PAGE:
Review: Jules GlutenFree Flour

When I went gluten-free about two years ago, I simply gave up baked goods. There were two reasons– taste/texture and complexity. Most of the gluten-free already baked goods are dry, sandy, crumbly, and taste like dog biscuits smell. There are a few exceptions, for a premium cost. For instance, it’s about seven dollars for a small bag of cookies, or four cupcakes. Even then, I’ve ended up paying $7 for really bad cupcakes!

I also had little desire to tackle the baking myself. All recipes I came across called for three to five flours, xantham gum additions, and other modifications. I had a three-month old baby and barely was getting dinner on the table.

I’ve come a long way in two years, and the Gluten Free community is making its mark. That first year was the hardest. I ended up going GF sometime in the fall and found very little for Thanksgiving and Christmas. That first gluten-free Christmas I was starving (literally because I was still nursing). We were out of town and I still didn’t know what it takes to be GF at other’s. My plate consisted of dry turkey, steamed buttered corn, and over-cooked buttered rice. Last year, I learned how to use coconut and almond flours and fell in love with almond flour. I thought I finally had a plan, that is until my daughter went to a new preschool where they serve breakfast and lunch and it’s a nut free zone. Suddenly, I’m needing to pack two meals a day for her (because every main dish is full of gluten) and they have to be nut free and inexpensive.

Thanks to a post by Gluten Freeville about a “back to school” resource ebook being given away from Jules Gluten Free Flour, I found a lot of answers. In addition to the ebook, Jules was at a Gluten Free expo in Denver, CO back in September. I blogged about it in “What do I do with a Regular Recipe?” after finding Jules Gluten Free flour and using it for the first time.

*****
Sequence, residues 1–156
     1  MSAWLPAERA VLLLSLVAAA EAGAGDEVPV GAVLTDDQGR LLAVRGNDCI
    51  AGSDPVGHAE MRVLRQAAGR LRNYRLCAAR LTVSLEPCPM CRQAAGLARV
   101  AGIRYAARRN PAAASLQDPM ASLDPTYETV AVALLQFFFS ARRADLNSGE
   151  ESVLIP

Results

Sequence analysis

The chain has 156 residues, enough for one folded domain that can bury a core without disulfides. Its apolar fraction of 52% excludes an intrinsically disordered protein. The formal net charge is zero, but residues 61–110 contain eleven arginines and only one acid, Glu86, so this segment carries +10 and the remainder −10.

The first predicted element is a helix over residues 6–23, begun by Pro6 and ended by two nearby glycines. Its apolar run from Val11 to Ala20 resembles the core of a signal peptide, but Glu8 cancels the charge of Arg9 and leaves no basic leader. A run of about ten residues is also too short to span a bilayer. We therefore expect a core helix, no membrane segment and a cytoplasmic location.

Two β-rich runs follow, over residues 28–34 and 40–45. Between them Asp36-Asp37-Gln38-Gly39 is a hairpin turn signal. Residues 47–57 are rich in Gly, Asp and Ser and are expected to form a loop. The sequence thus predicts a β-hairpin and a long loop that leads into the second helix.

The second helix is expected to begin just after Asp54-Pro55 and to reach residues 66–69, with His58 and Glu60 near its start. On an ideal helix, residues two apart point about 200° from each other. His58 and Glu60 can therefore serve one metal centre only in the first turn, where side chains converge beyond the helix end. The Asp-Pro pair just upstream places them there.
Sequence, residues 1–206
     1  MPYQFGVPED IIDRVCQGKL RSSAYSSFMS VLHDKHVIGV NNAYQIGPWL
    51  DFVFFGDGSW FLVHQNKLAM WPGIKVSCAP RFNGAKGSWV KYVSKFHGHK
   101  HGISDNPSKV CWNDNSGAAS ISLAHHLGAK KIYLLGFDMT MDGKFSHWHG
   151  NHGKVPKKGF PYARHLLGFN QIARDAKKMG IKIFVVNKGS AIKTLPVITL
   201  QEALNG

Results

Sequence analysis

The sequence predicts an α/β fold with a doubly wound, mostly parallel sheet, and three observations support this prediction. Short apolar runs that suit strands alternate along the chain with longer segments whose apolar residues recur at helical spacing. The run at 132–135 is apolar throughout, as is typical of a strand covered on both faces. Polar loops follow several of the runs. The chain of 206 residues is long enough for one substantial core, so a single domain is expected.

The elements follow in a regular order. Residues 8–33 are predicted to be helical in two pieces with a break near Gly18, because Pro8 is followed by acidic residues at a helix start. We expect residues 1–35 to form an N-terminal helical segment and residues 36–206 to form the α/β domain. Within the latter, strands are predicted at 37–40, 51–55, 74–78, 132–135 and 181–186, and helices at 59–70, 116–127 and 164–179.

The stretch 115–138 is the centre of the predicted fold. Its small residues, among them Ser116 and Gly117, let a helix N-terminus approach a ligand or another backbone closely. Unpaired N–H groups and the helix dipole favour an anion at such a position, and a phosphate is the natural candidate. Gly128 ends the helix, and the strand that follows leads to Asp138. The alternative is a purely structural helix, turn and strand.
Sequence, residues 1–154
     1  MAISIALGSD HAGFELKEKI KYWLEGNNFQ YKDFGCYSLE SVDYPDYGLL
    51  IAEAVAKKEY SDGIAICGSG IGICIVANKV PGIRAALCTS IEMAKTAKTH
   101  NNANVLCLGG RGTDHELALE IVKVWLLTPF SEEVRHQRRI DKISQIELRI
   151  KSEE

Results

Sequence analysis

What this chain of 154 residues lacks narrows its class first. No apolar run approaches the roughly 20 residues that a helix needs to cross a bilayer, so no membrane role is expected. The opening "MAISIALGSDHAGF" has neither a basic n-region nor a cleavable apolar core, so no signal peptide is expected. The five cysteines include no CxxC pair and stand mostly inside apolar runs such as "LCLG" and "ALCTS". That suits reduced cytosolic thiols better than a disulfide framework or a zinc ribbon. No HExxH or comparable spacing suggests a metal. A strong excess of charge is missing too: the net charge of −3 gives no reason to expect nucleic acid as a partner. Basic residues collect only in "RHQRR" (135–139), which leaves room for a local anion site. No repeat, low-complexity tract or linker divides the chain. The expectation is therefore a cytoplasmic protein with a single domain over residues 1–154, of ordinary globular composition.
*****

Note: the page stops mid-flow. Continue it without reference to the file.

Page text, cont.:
In the last several months, I’ve continued to enjoy using Jules Gluten Free flour, and highly recommend it, especially for quick or “normal” baking. Although Jules has amazing looking recipes on her blog that I look forward to trying, the flour has been a life saver because I’ve been able to make normal recipes, without extra conversions, ingredients, etc. I’m even making beloved favorites again!

About a month ago, my daughter’s teacher planned to make banana cupcakes in class and asked what should we do for my daughter? After discussing it, we decided that I’d be able to give her a few cups of the flour and she’d use our flour for the entire class. She had no issues with her grandmother’s recipe and Jules’ flour. They only thing we both experienced was needing to add a few extra tablespoons of flour, but I’m thinking that’s more of a high altitude issue. My daughter brought home some amazing cupcakes, which were moist, delicious, and tasted divine. They didn’t even crumble! The best part was that I finally got to try something that someone baked!

Recently, my daughter needed sugar cookies for the “harvest festival” at school. I was so exhausted, I just wanted to find a simple frozen cookie dough we could use. All the sugar cookie recipes I have are complicated and I was in no mood to mix, chill, roll out dough, cut out, etc. However, no such luck finding a GF dough. Just before getting to the checkout, I found a Wilton cookie pan in the Halloween aisle and on the back was the most simple sugar cookie recipe. We grabbed a can of Betty Crocker frosting (which is Gluten Free) and went home to bake our sugar cookies.